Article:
So, now they say they are waiting on clarity regarding the fiscal cliff. Well, we now know what the true meaning of clarity is. It means they are dying to be bullish, but they need a deal done first.
Then the president spoke and everyone thought he might soften his stance, but instead he reiterated his higher taxes theme. Tell me something guys, in this day and age, when does the winner ever soften their stance? Nowadays winners take victory laps, they do not extend olive branches. Diplomacy has gone the way of the buggy whip.
But on Wednesday there was a new chink in the armor as the tensions in the Mideast flared, something that was not on the radar.
Let's put the news aside and look at the indicators. Yesterday, I noted how many of the intermediate-term indicators were still above their oversold levels. Wednesday's action took them down some more. For example, the Hi-Lo Indicator moved to 30% (from 37%). An oversold reading is under 20%. As a reminder, the June low reading was 17%.
Then there is the McClellan Summation Index. Yesterday, I noted that we would need at least a few more harsh down days to get the what-if indicator to where it required +4000 or more. What this means is that we do a what-if to determine what it would take to turn the Summation Index from the current down to up. As of today, this indicator would require a net differential of advancers minus decliners on the NYSE of +4500 to turn it from the current down to up. You can see on the chart that we are fast approaching the point of too much or oversold.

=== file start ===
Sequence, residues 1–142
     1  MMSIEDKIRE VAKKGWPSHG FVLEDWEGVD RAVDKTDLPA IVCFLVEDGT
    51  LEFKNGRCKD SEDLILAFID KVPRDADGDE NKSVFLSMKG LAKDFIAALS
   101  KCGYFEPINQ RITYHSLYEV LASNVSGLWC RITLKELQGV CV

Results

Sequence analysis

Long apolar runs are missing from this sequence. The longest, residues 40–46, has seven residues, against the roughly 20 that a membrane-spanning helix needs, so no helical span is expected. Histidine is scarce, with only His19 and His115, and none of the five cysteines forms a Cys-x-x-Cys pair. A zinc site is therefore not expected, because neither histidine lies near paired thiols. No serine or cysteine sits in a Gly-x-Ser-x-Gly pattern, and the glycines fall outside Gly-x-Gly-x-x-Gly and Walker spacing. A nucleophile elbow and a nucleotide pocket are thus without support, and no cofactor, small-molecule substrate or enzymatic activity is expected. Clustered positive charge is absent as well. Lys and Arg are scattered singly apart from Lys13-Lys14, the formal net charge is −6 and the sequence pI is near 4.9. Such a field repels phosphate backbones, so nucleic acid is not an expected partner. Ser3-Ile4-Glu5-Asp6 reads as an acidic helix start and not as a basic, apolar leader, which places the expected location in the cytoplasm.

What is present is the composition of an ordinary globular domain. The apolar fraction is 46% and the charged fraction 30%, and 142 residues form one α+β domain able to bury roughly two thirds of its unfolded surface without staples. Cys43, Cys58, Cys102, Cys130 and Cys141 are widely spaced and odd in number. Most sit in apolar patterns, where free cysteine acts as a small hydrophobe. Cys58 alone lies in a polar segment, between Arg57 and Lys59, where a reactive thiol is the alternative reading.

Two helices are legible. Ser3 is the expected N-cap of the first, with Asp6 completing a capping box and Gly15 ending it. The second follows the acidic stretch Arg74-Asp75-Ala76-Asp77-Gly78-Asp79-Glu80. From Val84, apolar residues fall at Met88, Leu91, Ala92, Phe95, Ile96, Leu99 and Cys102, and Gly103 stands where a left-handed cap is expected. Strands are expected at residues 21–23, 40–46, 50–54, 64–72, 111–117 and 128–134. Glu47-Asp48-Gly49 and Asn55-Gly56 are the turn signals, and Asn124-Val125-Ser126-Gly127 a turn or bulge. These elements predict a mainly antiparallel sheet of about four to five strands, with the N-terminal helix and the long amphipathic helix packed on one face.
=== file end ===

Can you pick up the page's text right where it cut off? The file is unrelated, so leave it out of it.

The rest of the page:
There have been times where this indicator has gotten to where it requires +6000 or a bit more than that, as you can see on the chart, but at this point we'd be looking at one or two more days at the most to get there. So, we can finally say we're getting to a proper oversold condition.
We did see a decline on Wednesday with 90% of the volume on the downside, but what really caught my eye was the Investors Intelligence readings that showed where if we combined the bears and the correction-minded folks we had 62%. As you can see on the chart, a combination over 65% has typically led to a tradable rally.
One thing to keep in mind is those extreme readings on the what-if of the McClellan Summation Index led to short-term rallies. It was the secondary low that gave the better rally sign. And considering the number of stocks at new lows soared to more than 200 on the NYSE, a reading we haven't seen in more than a year, there are no positive divergences. For that we would need a rally and a retest, the W pattern I refer to often.
If we can rally on Thursday and then come back down early next week with some positive divergences I think we could have a tradable rally. Without positive divergences, it'd be just an oversold rally.